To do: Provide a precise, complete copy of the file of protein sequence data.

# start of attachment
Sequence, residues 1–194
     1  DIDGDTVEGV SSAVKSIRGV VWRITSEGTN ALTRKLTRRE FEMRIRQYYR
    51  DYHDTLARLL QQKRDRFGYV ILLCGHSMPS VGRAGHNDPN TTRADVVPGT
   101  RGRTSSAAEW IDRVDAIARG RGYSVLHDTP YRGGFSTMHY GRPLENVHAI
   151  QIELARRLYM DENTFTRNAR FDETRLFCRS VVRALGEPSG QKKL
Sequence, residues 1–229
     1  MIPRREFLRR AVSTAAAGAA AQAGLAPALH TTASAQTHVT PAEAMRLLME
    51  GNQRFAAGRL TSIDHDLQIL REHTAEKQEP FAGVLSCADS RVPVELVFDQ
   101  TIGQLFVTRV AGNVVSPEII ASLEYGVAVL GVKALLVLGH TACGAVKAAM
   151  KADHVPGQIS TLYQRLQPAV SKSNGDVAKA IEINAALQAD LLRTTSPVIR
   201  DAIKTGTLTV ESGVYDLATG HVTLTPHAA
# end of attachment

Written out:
Sequence, residues 1–194
     1  DIDGDTVEGV SSAVKSIRGV VWRITSEGTN ALTRKLTRRE FEMRIRQYYR
    51  DYHDTLARLL QQKRDRFGYV ILLCGHSMPS VGRAGHNDPN TTRADVVPGT
   101  RGRTSSAAEW IDRVDAIARG RGYSVLHDTP YRGGFSTMHY GRPLENVHAI
   151  QIELARRLYM DENTFTRNAR FDETRLFCRS VVRALGEPSG QKKL
Sequence, residues 1–229
     1  MIPRREFLRR AVSTAAAGAA AQAGLAPALH TTASAQTHVT PAEAMRLLME
    51  GNQRFAAGRL TSIDHDLQIL REHTAEKQEP FAGVLSCADS RVPVELVFDQ
   101  TIGQLFVTRV AGNVVSPEII ASLEYGVAVL GVKALLVLGH TACGAVKAAM
   151  KADHVPGQIS TLYQRLQPAV SKSNGDVAKA IEINAALQAD LLRTTSPVIR
   201  DAIKTGTLTV ESGVYDLATG HVTLTPHAA